Manuel I Megas Komnenos, emperor of Trebizond

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About Manuel I Megas Komnenos, emperor of Trebizond

Manuel I Megas Komnenos (Greek: Μανουήλ Α΄ Μέγας Κομνηνός, Manouēl I Megas Komnēnos), (c. 1218 – March 1263), Emperor of Trebizond from 1238 to 1263, surnamed the "Great Captain", was the second son of Alexios I, the first emperor of Trebizond, and Theodora Axuchina. He succeeded his brother, John I Axouchos. In spite of his alleged military abilities, Trebizond became or remained a vassal to the Seljuk Turks and, after the Battle of Köse Dag in 1243, to the Mongols of Persia. Trapezuntine forces served in the battle as Seljuk tributaries. The Seljuk forces were shattered in the defeat and the Sultanate of Iconium began to decline.

In 1253, Manuel negotiated for a dynastic alliance with King Louis IX of France, by which he hoped to secure the help of the Crusaders against the Seljuks and Laskarids of Nicaea, but Louis advised him to seek a wife from the Latin Empire of Constantinople. Jean de Joinville testifies to Manuel's wealth, saying he sent Louis: "various precious things as a gift; amongst others, bows made of the wood of the service tree, whose arrow-notches screwed into the bow, and when they were released, one saw that they were very sharp and well made."

The destruction of Baghdad by Hulagu Khan in 1258 revived the trade route running north from Armenia and the upper Euphrates valley to Erzerum and then through the Zigana Pass to Trebizond. This trade route caused the beginnings of Trebizond's commercial prosperity, because goods from the Silk Road were now transported to Trebizond and the Black Sea, instead of to the Mediterranean. Although some bronze coins have been attributed to Alexios I, and silver aspers were certainly coined by John I, Manuel struck both bronze coins and a large silver currency. Trapezuntine coins circulated widely outside the empire, especially in Georgia.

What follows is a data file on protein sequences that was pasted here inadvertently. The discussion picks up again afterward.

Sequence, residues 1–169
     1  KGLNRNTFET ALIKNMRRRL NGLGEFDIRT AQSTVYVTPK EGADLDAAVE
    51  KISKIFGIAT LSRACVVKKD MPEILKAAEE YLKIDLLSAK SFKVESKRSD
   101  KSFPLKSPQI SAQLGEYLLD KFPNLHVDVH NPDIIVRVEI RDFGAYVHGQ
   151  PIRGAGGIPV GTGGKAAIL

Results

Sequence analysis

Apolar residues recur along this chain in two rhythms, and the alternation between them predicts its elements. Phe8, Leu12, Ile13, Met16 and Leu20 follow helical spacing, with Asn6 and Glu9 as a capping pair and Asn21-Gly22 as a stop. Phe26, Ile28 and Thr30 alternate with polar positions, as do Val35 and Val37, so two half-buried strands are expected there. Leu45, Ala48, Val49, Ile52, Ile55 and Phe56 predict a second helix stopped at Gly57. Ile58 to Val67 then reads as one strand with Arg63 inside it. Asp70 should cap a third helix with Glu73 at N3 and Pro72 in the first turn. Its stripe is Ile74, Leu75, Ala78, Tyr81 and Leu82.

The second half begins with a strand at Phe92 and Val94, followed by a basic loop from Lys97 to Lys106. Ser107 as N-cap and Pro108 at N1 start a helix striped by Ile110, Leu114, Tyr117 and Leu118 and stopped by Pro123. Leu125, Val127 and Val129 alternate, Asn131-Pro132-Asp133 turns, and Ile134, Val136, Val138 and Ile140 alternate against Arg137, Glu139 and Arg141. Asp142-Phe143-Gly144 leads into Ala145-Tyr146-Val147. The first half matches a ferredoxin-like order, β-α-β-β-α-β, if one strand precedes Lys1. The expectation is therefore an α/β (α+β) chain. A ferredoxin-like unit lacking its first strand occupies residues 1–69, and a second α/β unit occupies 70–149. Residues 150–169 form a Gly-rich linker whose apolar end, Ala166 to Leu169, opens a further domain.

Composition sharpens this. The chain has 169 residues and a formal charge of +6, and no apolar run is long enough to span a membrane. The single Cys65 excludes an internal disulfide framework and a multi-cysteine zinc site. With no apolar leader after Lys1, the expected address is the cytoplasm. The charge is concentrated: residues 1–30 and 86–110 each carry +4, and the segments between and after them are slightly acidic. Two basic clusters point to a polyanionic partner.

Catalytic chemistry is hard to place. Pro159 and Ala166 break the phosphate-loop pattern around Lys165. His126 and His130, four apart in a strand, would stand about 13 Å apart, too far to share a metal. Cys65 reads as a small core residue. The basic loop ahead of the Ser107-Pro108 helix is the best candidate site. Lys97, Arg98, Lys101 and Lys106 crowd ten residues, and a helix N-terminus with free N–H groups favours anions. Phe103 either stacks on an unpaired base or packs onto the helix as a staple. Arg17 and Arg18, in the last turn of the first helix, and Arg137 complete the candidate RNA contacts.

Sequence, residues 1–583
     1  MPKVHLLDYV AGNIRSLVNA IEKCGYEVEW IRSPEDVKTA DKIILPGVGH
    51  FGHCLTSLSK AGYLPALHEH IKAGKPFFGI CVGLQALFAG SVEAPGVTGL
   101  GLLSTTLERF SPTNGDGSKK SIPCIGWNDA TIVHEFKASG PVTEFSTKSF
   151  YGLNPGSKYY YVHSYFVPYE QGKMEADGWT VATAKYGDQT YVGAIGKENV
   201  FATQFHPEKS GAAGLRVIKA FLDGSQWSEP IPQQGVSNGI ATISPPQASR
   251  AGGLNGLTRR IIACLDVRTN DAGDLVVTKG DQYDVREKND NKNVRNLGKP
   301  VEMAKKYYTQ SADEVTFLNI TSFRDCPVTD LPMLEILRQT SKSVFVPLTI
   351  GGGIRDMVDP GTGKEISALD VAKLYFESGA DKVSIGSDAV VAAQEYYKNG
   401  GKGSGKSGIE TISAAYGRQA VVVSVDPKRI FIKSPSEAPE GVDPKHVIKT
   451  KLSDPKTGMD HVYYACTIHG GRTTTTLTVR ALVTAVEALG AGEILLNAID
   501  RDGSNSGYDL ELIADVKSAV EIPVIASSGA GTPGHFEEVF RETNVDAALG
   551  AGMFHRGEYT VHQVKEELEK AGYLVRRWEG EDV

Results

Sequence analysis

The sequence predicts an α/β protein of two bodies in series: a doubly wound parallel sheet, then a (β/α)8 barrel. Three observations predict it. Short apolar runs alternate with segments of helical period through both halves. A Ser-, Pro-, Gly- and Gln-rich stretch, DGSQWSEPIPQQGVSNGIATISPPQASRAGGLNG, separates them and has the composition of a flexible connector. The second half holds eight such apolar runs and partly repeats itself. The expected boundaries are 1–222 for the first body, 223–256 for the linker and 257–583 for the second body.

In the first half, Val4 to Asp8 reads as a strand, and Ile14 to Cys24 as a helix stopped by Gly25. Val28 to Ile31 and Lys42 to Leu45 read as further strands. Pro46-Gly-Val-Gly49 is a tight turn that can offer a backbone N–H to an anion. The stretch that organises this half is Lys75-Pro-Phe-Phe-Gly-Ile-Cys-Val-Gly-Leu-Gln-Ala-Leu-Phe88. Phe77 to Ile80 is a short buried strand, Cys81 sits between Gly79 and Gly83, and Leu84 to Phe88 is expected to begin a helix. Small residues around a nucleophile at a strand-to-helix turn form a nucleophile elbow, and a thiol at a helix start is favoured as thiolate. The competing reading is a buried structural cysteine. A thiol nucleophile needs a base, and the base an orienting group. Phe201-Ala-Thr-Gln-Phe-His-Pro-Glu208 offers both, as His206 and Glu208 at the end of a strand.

Manuel rebuilt the Hagia Sophia monastery in Trebizond between 1250 and 1260. Eastmond describes Manuel's church as 'the finest surviving Byzantine imperial monument of its period.' 1 When Michael VIII Palaiologos recaptured Constantinople from the Latin Empire in 1261 he unsuccessfully demanded that Manuel abandon his claim to the Byzantine succession.

Manuel married three times and left several children, four of whom reigned after him. By his first wife, Anna Xylaloe, a Trapezuntine noblewoman he had:

Andronikos II, who succeeded as emperor.

By his second wife, Rusudan of Georgia, he had:


By his third wife, Irene Syrikaina, another Trapezuntine noblewoman, he had four children:


Anonymous daughter, who married King Demetre II of Georgia

Anonymous daughter

John II.